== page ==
Germany Votes For First-Ever Minimum Wage, Around $11.50

German Labor and Social Affairs Minister Andrea Nahles (center) and Chancellor Angela Merkel (right) cast their votes for a national minimum wage Thursday. The legislation sets a requirement of more than $11.50 in hourly pay. i i

German Labor and Social Affairs Minister Andrea Nahles (center) and Chancellor Angela Merkel (right) cast their votes for a national minimum wage Thursday. The legislation sets a requirement of more than $11.50 in hourly pay. Clemens Bilan/AFP/Getty Images hide caption

itoggle caption Clemens Bilan/AFP/Getty Images
German Labor and Social Affairs Minister Andrea Nahles (center) and Chancellor Angela Merkel (right) cast their votes for a national minimum wage Thursday. The legislation sets a requirement of more than $11.50 in hourly pay.

German Labor and Social Affairs Minister Andrea Nahles (center) and Chancellor Angela Merkel (right) cast their votes for a national minimum wage Thursday. The legislation sets a requirement of more than $11.50 in hourly pay.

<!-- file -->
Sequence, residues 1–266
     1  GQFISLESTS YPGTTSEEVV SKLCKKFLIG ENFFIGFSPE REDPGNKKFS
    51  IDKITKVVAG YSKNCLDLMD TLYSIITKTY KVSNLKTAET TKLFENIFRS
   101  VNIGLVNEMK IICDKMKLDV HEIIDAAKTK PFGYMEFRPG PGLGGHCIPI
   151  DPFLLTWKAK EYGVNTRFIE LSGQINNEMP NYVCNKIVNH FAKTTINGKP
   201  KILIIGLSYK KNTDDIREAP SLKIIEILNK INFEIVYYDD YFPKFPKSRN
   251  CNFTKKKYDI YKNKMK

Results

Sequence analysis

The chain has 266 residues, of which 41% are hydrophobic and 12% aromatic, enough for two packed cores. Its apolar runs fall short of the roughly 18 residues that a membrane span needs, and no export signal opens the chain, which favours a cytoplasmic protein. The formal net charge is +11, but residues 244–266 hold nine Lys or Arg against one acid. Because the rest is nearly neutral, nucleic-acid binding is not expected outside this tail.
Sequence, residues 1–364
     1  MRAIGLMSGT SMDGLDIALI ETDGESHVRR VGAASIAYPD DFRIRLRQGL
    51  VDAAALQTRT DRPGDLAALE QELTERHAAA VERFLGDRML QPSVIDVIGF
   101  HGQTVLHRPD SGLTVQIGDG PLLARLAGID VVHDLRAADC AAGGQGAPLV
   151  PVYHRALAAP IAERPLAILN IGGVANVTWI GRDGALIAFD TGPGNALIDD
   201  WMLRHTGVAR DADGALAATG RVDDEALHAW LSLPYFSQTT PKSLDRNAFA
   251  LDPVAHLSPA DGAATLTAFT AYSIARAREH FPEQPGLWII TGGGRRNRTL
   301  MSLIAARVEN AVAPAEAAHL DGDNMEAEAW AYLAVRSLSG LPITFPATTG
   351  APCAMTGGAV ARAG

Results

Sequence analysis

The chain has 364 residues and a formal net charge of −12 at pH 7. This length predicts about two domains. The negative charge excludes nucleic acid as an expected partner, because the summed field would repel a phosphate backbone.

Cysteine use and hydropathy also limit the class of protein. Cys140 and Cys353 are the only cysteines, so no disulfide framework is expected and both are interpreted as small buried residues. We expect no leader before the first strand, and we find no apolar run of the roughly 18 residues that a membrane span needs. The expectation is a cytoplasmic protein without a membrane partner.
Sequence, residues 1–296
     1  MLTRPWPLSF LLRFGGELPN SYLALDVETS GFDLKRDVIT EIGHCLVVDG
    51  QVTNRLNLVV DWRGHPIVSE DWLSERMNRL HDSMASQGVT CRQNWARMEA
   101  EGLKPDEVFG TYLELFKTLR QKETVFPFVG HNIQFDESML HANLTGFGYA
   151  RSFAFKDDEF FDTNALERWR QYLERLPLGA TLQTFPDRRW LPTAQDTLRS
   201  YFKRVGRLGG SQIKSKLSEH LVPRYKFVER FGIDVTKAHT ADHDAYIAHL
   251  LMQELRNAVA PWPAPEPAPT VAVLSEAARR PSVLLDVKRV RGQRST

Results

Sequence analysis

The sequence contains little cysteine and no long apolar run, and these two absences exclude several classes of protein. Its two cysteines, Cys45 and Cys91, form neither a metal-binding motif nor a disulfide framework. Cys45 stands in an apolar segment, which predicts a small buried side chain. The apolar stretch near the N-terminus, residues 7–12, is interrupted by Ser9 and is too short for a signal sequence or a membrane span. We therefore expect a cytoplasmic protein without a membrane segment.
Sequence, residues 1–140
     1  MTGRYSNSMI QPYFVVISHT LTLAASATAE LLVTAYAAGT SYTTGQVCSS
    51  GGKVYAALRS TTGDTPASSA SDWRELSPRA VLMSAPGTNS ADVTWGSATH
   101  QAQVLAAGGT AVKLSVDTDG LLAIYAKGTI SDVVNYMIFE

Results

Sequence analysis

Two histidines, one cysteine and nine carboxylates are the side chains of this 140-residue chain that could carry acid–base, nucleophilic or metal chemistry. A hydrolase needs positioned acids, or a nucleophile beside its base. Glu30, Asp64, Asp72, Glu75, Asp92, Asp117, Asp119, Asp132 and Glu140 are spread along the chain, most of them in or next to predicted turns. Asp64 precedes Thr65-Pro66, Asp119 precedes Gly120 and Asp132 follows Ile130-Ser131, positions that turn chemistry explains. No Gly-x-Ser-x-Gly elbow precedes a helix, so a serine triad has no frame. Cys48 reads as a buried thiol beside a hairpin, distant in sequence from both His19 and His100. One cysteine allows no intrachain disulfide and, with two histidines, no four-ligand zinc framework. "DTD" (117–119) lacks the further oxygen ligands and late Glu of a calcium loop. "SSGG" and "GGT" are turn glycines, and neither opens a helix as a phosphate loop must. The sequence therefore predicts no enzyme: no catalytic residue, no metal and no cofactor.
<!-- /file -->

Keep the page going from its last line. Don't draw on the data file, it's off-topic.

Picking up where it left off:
Clemens Bilan/AFP/Getty Images

German lawmakers have approved a minimum hourly wage of 8.50 euros, backing a controversial proposal that would cover many workers starting next year. The amount is equal to more than $11.50 at today's exchange rate.

By comparison, the U.S. is debating raising its minimum wage from $7.25 to $10.10 an hour. The highest planned hourly rate in the nation is in Seattle, where it will rise to $15 next year. Other cities and states (and some businesses) are phasing in raises to get hourly pay in the $10 to $11 range in coming years.

The new minimum wage law would be unprecedented in Germany, one of seven EU countries that don't have minimum wage requirements on the books. It took shape as a compromise deal between two parties: the Social Democrats and Chancellor Angela Merkel's Christian Democrats.

From Berlin, NPR's Soraya Sarhaddi Nelson reports:

"German Labor and Social Affairs Minister Andrea Nahles told the parliament that it was high time for their country to offer people a minimum wage.

" 'For years, workers have been industrious, cheap and without protection, but those times are over,' she said to applause from the lawmakers.

"But there are exceptions as to who is eligible. Those excluded are workers under 18, interns or trainees, and the longtime unemployed for the first six months they are back at work. Some employers will also get a grace period of up to two years before having to pay the minimum wage."

With the approval of the Bundestag, Germany's lower house of parliament, the new wage is now pending upper house approval.

In the absence of a minimum wage, many German workers' pay has been set in negotiations by unions and collective wage deals, reports Deutsche Welle.

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